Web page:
We’re often being told to ‘drink less coffee’ and ‘cut back on the caffeine’, yet is there any real science to suggest that caffeine is detrimental to health? And should we be aiming to ditch the coffee this New Year?
It’s claimed that caffeine (found in coffee, tea, colas, hot chocolate, energy drinks and some painkillers and supplements) causes anxiety, heart palpitations and poor quality sleep. Yet at the same time we’re reading that tea and coffee can help to lower blood pressure and even reduce risk of certain cancers. So what should we believe? And how much is too much?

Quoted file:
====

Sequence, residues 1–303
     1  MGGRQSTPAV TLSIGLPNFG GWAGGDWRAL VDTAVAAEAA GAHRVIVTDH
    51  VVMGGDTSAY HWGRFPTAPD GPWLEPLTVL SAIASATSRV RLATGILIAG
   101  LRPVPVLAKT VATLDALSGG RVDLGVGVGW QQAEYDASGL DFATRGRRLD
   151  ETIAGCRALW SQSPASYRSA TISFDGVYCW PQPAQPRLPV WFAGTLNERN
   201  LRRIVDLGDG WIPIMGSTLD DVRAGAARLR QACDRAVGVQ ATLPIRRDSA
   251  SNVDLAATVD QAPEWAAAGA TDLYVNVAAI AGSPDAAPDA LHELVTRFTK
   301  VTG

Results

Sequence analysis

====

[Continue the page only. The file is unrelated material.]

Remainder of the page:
The advice from the Australian Food Standards Agency is that while there is no ‘acceptable daily intake limit’ increased anxiety can occur with 210mg (approximately 3 cups of instant coffee). The Sleep Foundation of Australia also advises not to drink caffeine in the evenings to ensure a good night’s sleep.
In the long term, a few studies have found beneficial effects of a moderate intake of both tea and coffee on risk of stroke, heart disease, type 2 diabetes and certain cancers - yet it’s likely that this is due to the antioxidants found in these drinks rather than the caffeine itself.
So the overarching message is, enjoy your daily brew, and no need to skip on your Joe - just avoid the creamy, sugary lattes and iced coffees that could add unnecessary ‘empty’ calories to your day.
Written by Ruth Tongue